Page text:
NAGIN: Organize people to write letters and make calls to their congressmen, to the president, to the governor. Flood their doggone offices with requests to do something. This is ridiculous.

I don't want to see anybody do anymore goddamn press conferences. Put a moratorium on press conferences. Don't do another press conference until the resources are in this city. And then come down to this city and stand with us when there are military trucks and troops that we can't even count.

Don't tell me 40,000 people are coming here. They're not here. It's too doggone late. Now get off your asses and do something, and let's fix the biggest goddamn crisis in the history of this country.

WWL: I'll say it right now, you're the only politician that's called and called for arms like this. And if -- whatever it takes, the governor, president -- whatever law precedent it takes, whatever it takes, I bet that the people listening to you are on your side.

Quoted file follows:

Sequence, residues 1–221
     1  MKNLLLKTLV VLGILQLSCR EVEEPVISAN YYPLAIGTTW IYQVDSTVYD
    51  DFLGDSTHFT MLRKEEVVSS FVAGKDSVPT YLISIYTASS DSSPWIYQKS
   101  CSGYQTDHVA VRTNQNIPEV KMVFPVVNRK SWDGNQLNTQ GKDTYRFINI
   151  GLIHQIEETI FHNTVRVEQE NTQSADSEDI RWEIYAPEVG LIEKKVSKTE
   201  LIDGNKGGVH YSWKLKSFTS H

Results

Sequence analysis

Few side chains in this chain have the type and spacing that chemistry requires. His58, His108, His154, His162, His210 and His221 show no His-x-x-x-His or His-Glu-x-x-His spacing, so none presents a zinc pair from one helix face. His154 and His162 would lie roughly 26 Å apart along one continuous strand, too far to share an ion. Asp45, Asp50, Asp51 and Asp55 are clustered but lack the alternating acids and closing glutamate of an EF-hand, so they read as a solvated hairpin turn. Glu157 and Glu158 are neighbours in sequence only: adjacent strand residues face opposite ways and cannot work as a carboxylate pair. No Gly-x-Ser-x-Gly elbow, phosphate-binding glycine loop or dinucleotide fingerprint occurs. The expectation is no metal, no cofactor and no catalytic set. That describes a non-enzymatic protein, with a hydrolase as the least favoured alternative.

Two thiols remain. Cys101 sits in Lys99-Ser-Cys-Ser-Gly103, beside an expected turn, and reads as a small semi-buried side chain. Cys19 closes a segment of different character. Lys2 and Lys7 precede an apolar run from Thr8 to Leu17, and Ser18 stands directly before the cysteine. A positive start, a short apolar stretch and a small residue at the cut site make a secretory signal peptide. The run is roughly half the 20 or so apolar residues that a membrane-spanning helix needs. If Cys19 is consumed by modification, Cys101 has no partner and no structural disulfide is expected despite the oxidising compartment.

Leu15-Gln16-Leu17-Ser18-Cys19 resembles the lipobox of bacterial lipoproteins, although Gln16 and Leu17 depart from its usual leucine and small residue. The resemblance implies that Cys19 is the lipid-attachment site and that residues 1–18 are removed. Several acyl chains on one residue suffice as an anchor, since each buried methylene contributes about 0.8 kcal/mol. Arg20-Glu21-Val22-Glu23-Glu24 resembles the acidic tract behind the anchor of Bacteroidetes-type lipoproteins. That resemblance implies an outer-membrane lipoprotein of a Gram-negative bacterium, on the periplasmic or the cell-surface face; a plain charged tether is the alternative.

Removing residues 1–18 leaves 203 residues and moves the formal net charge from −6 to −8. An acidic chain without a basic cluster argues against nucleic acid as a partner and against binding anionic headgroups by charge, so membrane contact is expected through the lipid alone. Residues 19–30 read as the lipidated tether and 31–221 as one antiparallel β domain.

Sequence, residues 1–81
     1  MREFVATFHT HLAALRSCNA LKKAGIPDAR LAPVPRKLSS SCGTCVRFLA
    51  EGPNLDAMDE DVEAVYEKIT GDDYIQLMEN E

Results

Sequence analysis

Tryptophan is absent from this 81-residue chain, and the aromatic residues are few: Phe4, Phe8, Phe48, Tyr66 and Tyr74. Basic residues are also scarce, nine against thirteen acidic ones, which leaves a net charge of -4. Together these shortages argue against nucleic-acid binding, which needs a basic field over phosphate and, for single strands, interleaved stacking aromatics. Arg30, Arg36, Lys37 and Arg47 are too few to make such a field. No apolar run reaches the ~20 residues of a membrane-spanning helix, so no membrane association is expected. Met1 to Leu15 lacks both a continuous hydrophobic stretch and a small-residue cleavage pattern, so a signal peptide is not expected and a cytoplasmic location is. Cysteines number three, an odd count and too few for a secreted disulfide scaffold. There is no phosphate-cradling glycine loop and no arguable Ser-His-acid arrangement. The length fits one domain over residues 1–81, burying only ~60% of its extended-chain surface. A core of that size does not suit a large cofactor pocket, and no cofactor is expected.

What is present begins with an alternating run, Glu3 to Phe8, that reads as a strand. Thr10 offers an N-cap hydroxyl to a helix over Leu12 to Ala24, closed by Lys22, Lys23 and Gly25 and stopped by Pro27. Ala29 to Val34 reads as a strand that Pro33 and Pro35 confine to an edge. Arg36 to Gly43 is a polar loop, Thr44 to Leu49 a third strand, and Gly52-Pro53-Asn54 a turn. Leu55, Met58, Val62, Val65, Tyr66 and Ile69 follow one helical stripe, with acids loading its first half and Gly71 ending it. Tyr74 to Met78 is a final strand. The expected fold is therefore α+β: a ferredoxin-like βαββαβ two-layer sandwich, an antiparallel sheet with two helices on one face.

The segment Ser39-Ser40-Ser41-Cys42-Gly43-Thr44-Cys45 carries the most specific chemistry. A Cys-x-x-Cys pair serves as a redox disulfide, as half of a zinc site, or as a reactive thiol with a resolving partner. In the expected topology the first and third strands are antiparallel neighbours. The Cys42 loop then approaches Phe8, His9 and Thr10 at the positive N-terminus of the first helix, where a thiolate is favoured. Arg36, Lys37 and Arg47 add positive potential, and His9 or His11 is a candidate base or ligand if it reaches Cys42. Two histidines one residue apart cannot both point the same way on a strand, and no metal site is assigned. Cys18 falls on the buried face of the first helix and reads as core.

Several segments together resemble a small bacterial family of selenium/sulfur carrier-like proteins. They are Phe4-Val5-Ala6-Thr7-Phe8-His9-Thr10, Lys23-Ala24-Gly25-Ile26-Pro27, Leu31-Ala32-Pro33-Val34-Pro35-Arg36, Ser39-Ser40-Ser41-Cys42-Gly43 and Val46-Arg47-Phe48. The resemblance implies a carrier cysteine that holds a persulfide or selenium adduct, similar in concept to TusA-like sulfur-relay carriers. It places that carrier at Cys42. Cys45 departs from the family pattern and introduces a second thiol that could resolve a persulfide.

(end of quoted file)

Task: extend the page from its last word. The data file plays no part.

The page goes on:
NAGIN: Well, I hope so, Garland. I am just -- I'm at the point now where it don't matter. People are dying. They don't have homes. They don't have jobs. The city of New Orleans will never be the same in this time.

WWL: We're both pretty speechless here.

NAGIN: Yeah, I don't know what to say. I got to go.

WWL: OK. Keep in touch. Keep in touch.

My GOD! Bush's visit ws nothing more than a PHOTO-OP!

This is just insane!

I have to get the video from Bush's visit today you eveyone can see this. I'll let the reporters from CNN tell the story

CNN transcript (via AMERICABlog):
Daryn Kagen: